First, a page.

I do hope your New Year is off to a good start. January flew by with a few days of light snow and bone-chilling temperatures. This time of year, many of us long for warm spring weather and the joy of working in our gardens again. As spring approaches, you need to be aware of a new invasive pest that may be heading to the Mid-South, the spotted lanternfly. If you are unfamiliar with the spotted lanternfly, or Lycorma delicatula, you are not alone.
Originally, from East Asia, infestations across the Northeast have become increasingly more difficult to control since the pest’s arrival in the United States. The adult spotted lanternfly is about one inch long and has long wings. Their forewings have black spots while their hind wings are a scarlet color with black spots present at the rear. The abdomen of the adult spotted lanternfly is yellow with black bars.
The spotted lanternfly is known to feed on tree of heaven (Ailanthus altissima) but it has many other host plants including apple, grape, maple, poplar, stone fruit and willow. Nymphs may feed on a wide range of host plants but the adults prefer to feed and lay eggs on tree of heaven.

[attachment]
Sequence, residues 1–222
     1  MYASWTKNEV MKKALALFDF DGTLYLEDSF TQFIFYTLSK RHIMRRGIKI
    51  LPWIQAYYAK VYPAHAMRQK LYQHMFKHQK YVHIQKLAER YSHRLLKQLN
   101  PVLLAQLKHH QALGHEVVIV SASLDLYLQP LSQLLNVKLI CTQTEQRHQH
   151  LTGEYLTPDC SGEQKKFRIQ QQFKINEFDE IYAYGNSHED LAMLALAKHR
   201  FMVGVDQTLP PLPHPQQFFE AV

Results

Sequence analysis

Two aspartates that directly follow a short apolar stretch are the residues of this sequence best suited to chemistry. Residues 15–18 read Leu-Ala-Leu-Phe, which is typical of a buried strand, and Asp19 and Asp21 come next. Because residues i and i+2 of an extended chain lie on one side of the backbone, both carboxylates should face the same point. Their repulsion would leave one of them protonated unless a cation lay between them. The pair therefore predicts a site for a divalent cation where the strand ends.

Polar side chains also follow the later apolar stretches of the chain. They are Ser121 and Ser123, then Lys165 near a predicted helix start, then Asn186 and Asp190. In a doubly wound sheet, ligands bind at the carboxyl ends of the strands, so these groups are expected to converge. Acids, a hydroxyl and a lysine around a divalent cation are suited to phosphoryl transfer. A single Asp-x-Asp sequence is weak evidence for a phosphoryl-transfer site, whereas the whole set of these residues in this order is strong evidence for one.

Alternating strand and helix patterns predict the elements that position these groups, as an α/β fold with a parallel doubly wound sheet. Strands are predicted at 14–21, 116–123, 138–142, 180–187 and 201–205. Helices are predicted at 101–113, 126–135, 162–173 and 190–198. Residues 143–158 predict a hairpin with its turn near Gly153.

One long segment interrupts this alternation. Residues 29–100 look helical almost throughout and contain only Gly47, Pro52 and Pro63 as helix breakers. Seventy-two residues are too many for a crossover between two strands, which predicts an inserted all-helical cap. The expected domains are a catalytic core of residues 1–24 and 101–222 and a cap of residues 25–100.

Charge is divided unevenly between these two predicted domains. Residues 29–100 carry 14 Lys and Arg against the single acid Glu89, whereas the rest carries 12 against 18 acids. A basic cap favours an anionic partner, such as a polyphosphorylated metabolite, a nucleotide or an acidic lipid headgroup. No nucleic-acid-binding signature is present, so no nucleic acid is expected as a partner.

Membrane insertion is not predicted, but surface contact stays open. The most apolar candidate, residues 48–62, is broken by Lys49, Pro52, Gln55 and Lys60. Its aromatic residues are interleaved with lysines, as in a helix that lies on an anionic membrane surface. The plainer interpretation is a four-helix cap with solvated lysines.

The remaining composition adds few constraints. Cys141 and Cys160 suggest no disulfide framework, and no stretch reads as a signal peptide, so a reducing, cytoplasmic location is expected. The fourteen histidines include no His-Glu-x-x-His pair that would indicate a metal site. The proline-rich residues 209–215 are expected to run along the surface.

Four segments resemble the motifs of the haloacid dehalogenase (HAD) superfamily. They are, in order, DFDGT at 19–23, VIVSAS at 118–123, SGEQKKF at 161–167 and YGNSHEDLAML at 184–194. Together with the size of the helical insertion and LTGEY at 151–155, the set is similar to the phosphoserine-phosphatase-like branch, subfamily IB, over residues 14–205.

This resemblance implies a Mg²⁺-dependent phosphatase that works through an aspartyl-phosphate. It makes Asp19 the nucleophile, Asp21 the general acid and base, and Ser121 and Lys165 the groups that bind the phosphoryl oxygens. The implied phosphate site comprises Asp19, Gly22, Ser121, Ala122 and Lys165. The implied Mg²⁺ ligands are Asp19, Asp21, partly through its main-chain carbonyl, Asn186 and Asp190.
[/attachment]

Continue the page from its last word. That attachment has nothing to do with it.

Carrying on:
The nymph and adult spotted lanternfly have piercing sucking mouthparts. They feed and suck sap from stems and branches. This feeding will weaken, and may eventually kill the plant.
The eggs of the spotted lanternfly are found on smooth host plant surfaces. Eggs will hatch in the spring and early summer. The nymphs begin feeding on the plant sap of young stems and branches. The adults appear in late July and feed on tree of heaven and grapevines. This, in turn, will cause the adults to excrete honeydew (sticky, sugary fluid). The honeydew will build up on the underside of leaves causing sooty mold (fungus) to form.
The spotted lanternfly has already been detected in Pennsylvania, Delaware, Virginia and Maryland. If this invasive pest migrates to our region, the damage to grape crops and orchards will be devastating. If you happen upon an insect that you suspect may be spotted lanternfly, please report it immediately to the Shelby County Extension office at 901-752-1207. All reports will be investigated and specimens professionally identified. Let us hope they do not head south and cross the Mason–Dixon line!
Take care and be safe out there.
Photo Credit: Lawrence Barringer, Pennsylvania Dept. of Agriculture, Bugwood.org